In comes a program, seeking to rectify this gross oversight, and out comes the wailing an gnashing of teeth. It is the union’s job to ensure that we are paid fairly for the work we do. It is not the Union’s job to push for a world in which we all make the same low salary out of some misplaced 1920’s version of solidarity.
Put another way, it is the Union’s job to represent its members. Those members have now overwhelmingly voted for two reform contracts, and have re-elected the leadership twice. It is insulting to read some of these comments that possit that these people are nothing more than lambs to the slaughter, rather than educated adults making a rational choice about their own future.
More-over, to those who claim that this will destroy us, I submit that vilifying teachers (especially new teachers) who want to make a little more so that they can give up that bartending job on the weekends is a surer way to destroy the solidarity of the union than offering the money could ever be.
Maybe I am naive, but I just don’t see the conspiracy. We always say teachers put in such long hours for which they are not paid. This seems like a step toward fixing that. $5000 to encourage these dedicated teachers to keep teaching? If the opportunity is available to all teachers who want to make the commitment, I can’t see the harm.
Harries quotes “The positions aim to change the longstanding system by which teachers get paid solely based on seniority and education degrees, said Superintendent Garth Harries. Until recently, teachers had no way to advance in the profession without leaving the classroom to become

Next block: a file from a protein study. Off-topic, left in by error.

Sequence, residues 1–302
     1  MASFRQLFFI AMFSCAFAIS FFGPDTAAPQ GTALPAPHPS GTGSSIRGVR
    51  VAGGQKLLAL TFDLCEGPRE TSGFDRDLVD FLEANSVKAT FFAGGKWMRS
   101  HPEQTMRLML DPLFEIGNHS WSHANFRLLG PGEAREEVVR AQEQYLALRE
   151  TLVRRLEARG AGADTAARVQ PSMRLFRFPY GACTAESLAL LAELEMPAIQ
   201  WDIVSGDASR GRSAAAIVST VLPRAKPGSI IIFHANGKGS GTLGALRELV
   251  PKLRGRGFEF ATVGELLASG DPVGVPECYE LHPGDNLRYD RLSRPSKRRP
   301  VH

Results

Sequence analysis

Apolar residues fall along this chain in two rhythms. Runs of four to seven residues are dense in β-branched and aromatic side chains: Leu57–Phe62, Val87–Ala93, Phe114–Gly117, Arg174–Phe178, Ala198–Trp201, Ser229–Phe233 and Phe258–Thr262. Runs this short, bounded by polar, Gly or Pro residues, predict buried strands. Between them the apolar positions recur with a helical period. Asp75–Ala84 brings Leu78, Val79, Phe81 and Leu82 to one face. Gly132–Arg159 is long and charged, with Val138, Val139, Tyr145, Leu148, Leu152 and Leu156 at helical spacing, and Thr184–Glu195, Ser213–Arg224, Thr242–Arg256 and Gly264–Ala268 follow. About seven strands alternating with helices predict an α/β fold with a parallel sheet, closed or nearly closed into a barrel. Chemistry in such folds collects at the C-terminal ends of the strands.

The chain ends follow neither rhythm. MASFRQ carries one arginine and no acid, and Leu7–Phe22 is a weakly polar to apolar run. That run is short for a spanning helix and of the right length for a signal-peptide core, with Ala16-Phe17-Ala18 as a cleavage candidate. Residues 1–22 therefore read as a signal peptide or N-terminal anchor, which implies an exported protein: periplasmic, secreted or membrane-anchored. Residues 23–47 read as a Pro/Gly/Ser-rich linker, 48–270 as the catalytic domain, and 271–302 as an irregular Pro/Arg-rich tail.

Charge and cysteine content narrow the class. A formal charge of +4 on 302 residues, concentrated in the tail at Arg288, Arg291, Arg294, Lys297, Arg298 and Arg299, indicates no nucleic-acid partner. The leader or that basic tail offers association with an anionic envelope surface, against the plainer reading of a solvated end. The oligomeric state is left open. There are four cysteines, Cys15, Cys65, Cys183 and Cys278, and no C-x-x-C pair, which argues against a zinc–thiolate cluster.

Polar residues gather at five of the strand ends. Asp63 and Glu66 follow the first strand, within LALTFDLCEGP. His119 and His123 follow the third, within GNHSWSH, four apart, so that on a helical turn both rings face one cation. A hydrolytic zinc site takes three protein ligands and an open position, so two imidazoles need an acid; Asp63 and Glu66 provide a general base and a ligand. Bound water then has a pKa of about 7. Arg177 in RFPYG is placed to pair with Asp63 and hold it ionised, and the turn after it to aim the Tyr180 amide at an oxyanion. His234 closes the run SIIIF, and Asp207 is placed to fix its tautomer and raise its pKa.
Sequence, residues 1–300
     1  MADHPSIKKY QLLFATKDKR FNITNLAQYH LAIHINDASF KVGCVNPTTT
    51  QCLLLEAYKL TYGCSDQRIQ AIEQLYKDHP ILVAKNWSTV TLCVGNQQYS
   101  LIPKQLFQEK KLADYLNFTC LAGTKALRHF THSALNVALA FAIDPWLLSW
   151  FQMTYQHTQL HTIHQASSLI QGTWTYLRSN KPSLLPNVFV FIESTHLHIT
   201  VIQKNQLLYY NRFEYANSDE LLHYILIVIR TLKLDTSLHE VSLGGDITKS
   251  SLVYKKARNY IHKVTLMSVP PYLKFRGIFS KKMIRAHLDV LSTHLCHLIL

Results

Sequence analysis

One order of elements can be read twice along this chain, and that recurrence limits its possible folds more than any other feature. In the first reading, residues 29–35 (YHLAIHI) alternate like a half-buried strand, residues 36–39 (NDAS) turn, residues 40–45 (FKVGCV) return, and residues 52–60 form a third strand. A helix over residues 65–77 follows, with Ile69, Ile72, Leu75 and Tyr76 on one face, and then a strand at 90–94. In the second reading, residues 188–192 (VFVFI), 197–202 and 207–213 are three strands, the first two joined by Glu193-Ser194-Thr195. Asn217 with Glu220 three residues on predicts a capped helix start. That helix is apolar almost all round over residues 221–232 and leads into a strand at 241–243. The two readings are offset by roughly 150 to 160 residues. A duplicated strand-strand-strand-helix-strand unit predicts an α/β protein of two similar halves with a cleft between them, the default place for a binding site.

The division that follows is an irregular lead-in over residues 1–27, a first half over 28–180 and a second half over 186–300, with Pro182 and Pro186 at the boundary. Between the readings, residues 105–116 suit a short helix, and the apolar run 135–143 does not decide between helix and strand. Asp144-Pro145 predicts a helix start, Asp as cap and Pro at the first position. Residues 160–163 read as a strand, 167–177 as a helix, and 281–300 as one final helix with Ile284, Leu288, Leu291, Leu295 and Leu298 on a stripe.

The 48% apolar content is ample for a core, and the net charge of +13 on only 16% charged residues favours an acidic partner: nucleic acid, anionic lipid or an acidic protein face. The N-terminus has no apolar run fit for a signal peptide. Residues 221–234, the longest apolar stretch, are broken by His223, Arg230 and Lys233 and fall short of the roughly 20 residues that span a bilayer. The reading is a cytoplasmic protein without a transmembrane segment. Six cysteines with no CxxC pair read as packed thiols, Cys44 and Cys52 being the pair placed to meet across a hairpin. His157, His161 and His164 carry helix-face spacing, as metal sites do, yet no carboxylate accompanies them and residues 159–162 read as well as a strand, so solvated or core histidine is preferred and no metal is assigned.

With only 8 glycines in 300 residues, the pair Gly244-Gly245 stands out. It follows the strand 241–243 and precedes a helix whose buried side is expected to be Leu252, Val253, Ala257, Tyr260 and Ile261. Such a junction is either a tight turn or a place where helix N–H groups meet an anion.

This is true. But is becoming a coach of teachers for 5,000 a year , in addition to their regular responsibities, really an advancement? As a teacher who spent many additionl hours before and after school, I am not sure I could even fit in any additional responsibilities. Teachers aren’t after school twiddling their thumbs looking for additional work.
And to Garth, many teachers received sixth year degrees years ago and promised coaching positions and watched while many you ger, less educated teachers were given the jobs based on connections. That really needs to be fixed in new haven. Just because I am the niece of Imma Canelli should not give me a job. (just an example, I’m not related)!
posted by: Chris Willems on March 9, 2014 3:34pm
I comment from the perspectives of both student and teacher. I attended NHPS kindergarten through 12th grade (Benjamin Jepson, Fair Haven Junior High, Wilbur Cross ‘85). I am proud to be in my 11th year of science teaching service to my hometown.
Those of you who have taught, know it is a fantastically complicated work (even when your students are healthy, wealthy and cared for). In my experience, if you are teaching well, there is not much “else” you have time for.
Honestly, my experiences in the New Haven Schools in the 1970’s and 80’s were not too great. Our schools have gotten much better while our child population has become much less affluent.
I chose this profession and love the work. Most of my waking hours – seven days a week – including “summers” - are dedicated to planning class and lab experiences, reviewing student work, and working with colleagues.
Because the “Teacher Incentive Fund” money is not available to all teachers, it is merit pay. Fair is using the money to pay any teacher a flat hourly rate for extra work.
Instead we have a chosen to pay some teachers lump sums. This grant (and the raises that are part of the agreed-to extra work time in our new contract) disappears in September, 2017. What happens then? There is no “extra” money in the New Haven budget.